Wednesday, September 26, 2007

Maybe Those Congressional Endorsements Aren't Such a Good Idea

This is a little surprising.
While the average lead of Democratic House members stands at 19 percentage points in the 31 vulnerable districts -- all but two of which are part of the Democratic Congressional Campaign Committee's incumbent-protection program known as Frontline -- that number sinks considerably when the lawmakers are linked to either front-runner.

"Some people say [your Democratic incumbent] is a strong supporter of Hillary Clinton and will support her liberal agenda of big government and higher taxes if she becomes president," the poll stated, before asking respondents whether they would still vote for their incumbent or choose a Republican candidate.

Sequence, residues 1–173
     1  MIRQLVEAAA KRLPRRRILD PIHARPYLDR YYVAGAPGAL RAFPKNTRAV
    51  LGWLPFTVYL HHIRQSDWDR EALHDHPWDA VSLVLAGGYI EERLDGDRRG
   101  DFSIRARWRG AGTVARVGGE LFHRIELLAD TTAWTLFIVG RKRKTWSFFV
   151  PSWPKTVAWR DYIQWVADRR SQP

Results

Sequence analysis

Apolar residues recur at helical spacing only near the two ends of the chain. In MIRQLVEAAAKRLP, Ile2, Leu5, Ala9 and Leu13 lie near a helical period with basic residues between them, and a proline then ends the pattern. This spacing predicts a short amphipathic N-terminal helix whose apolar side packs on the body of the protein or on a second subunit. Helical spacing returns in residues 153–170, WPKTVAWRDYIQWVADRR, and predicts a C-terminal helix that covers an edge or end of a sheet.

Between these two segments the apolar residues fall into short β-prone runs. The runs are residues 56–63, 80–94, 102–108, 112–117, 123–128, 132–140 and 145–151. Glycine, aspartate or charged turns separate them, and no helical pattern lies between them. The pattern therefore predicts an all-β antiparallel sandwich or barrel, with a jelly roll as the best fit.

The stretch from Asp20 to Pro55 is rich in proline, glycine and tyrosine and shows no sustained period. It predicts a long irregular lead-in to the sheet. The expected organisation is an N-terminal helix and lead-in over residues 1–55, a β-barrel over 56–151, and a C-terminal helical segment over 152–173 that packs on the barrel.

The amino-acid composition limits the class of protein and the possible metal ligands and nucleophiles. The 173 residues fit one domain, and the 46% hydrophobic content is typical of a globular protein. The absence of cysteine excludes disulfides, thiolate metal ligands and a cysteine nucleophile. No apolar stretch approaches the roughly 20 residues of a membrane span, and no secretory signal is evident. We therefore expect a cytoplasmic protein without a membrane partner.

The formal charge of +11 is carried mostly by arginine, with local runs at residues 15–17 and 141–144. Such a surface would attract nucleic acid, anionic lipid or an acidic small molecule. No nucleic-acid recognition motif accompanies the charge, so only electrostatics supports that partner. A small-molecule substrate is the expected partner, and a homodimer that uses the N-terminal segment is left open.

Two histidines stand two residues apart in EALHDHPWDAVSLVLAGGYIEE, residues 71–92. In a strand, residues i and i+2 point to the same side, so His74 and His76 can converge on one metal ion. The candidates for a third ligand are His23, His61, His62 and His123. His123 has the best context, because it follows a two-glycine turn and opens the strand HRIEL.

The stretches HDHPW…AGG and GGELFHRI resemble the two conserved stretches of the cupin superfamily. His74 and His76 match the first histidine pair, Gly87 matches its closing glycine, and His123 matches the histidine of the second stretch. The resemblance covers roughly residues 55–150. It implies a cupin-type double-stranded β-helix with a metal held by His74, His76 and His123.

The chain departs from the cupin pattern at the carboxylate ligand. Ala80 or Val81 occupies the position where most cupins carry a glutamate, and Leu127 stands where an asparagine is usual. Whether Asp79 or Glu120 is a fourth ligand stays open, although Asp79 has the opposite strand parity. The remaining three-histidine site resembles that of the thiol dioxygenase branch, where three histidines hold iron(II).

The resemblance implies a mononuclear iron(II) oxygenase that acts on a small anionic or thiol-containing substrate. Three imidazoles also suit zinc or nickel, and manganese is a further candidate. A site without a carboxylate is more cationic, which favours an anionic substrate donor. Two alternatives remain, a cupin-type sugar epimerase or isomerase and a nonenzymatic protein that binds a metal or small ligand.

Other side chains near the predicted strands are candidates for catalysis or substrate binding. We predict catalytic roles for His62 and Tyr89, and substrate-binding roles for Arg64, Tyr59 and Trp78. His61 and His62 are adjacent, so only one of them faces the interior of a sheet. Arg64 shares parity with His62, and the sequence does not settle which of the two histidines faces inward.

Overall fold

Whether the question named Clinton or Obama, the Democratic incumbent's lead shrank to an average of six points: 47 percent to 41 percent with Clinton leading the ticket, 44 percent to 38 percent with Obama as the nominee.
That is not what I predicted and is a bad sign for Democrats. Maybe some of those endangered incumbents are beginning to rethink their endorsement of Hillary, Obama or anyone for that matter.

I am beginning to wonder if the days of coattails are gone.

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